All of these reports are now marked by the words “Geothermal Legacy” in the OSTI databases.
Work in 2006
GTP, OSTI, and PERI seek missing reports
DOE decided in federal fiscal year 2006 to support a major effort to try to find many more reports covering DOE sponsored research. Thus, GTP, OSTI, and PERI have worked to find reports covering DOE sponsored research that never arrived at OSTI. One example of these is the numerous orange-covered reports from the University of Utah Research Institute (UURI). This center of expertise was not a DOE National Lab so the requirement that UURI send all of its DOE-funded output to OSTI seems to have been enforced only sporadically.
Potential Sources Include:
Here we have worked with librarians at the Laboratories to help us to find historical documents that fit the criteria of being part of the GTP/OSTI Geothermal Legacy collection. OSTI staff are working this part of the project, since each Laboratory already has a staff member who serves as a main point-of-contact to OSTI.
Scientists & Engineers with small collections.
About 30 such “Geothermal Specialists” have been identified. They are being asked to nominate reports that should be in the Legacy collection, either from their own work or that of others. PERI is helping these folks search an OSTI “Master Reports” list (an EXCEL file) to figure out if the report has already been scanned.
Organizations or individuals with potentially large collections.
Here, what has to be done is a little more complicated, because there are a variety of special conditions and needs related to comparing a long list of reports to the OSTI Master Reports List.
Today... there are more than 15,000 citations/reports at OSTI with “geothermal” as the subject category.
Of those 15,000+, more than 6,000 “Geothermal Legacy” reports are now searchable and downloadable.
The collection is growing and can continue to do so with your help.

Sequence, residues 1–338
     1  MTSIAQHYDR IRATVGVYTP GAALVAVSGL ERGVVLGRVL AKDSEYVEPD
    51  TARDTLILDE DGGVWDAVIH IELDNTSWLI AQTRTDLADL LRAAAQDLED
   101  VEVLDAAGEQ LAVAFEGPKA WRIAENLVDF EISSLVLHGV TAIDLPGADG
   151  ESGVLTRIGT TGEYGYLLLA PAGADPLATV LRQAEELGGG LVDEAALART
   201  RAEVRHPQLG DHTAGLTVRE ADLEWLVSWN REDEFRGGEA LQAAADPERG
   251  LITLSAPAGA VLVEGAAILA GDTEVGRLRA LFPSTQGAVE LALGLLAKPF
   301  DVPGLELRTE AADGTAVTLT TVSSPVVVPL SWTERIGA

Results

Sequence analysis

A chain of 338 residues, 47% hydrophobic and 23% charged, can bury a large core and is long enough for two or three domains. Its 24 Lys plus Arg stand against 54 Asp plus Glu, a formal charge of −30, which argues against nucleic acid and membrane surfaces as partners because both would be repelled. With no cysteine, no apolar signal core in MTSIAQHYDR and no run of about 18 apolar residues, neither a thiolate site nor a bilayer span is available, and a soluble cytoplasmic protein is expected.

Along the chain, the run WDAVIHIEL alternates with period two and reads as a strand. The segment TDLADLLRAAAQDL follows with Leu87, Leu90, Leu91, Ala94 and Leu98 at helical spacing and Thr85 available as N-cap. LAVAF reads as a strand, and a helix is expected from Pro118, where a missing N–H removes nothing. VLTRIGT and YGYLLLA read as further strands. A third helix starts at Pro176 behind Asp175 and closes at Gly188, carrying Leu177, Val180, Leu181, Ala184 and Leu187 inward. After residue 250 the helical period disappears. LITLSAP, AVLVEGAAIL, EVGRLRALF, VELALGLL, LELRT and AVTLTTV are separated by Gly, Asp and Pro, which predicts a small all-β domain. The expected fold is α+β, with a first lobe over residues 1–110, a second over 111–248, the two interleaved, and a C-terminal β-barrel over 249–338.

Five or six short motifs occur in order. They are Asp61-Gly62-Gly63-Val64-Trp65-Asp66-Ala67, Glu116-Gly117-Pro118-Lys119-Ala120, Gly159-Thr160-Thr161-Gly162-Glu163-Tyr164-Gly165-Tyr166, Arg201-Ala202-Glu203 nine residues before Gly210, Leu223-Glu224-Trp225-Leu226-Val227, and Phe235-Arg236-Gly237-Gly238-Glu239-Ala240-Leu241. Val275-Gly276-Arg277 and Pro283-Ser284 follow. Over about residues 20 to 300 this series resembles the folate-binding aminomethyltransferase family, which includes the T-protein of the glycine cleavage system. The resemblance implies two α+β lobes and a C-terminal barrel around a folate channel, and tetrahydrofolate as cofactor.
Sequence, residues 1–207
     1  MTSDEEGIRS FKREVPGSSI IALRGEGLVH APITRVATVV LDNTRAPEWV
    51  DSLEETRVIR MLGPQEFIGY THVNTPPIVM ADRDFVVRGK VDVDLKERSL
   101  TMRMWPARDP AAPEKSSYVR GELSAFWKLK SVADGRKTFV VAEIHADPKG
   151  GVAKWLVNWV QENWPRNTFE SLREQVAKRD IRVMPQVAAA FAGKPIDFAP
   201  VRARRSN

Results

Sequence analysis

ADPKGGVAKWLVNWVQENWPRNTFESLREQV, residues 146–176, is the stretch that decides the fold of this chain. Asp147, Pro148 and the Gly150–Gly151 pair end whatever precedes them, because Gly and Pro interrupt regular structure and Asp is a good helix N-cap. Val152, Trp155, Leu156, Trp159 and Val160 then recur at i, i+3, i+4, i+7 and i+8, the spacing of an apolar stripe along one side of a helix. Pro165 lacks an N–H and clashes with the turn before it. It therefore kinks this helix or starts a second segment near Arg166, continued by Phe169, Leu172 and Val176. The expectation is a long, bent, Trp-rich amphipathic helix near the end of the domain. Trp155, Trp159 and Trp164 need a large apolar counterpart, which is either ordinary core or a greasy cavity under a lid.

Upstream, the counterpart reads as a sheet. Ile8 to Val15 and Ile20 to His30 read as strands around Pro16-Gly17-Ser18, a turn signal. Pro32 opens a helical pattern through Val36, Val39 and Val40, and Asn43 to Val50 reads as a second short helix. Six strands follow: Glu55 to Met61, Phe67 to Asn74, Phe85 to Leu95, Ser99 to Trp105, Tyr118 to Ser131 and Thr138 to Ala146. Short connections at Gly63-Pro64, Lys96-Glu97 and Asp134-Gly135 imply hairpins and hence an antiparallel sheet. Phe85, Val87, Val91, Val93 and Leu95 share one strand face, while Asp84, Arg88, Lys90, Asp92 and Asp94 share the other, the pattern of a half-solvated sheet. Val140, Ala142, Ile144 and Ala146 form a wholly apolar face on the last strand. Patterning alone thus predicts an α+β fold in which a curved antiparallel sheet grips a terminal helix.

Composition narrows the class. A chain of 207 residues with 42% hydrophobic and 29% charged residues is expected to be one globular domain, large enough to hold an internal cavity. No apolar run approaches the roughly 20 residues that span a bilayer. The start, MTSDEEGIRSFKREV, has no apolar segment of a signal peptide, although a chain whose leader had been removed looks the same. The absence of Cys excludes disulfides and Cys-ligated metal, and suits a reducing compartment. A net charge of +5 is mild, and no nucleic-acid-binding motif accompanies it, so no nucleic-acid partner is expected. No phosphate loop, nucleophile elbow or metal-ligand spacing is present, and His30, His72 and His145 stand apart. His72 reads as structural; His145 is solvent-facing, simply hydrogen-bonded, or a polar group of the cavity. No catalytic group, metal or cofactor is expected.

Legacy Collection Resources
Here is an idea of the collections included: National Labs, universities, organizations' or individuals' own collections. The information is detailed and will be available online for your convenience after the conference. Handouts are also available. Of course, some of these numbers are still growing…
Idaho 262 *
Lawrence Berkeley 616
Lawrence Livermore 397
Los Alamos 613
Oak Ridge 117
Organizations or Individuals:
Dick Benoit 9
Dave Blackwell 66
GRC 16 **
Meridian 74 ***
Ted Mock 19
OIT Geo-Heat Center 80 *
Rogers Eng. Co., Inc. 38
California, San Diego, LA, Riverside 10
Penn State 10
Southern California 17
Southwestern Louisiana 17
Southern Methodist 17
Utah Research Institute 12
* In process
** More after this meeting?
*** From Idaho
Legacy Document Types
Technical Reports 4272
Conference Papers 2354
Conference Proceedings 73
Journal Articles 28
Patent/Patent Application 4
In addition to “where” the documents come from, this provides an idea of the types of documents represented in the Legacy collection. The greatest focus has been on Technical Reports.
For some of the larger proceedings documents, we’ve scanned in the individual papers to improve document searching and download time for items of interest. You’ll also see the relationships…that is, links…from one paper to another for the respective proceedings. The links are shown in the individual record citations. We’ll be interested to hear if you find the linkages and availability of paper-by-paper vs. entire proceedings is worthwhile.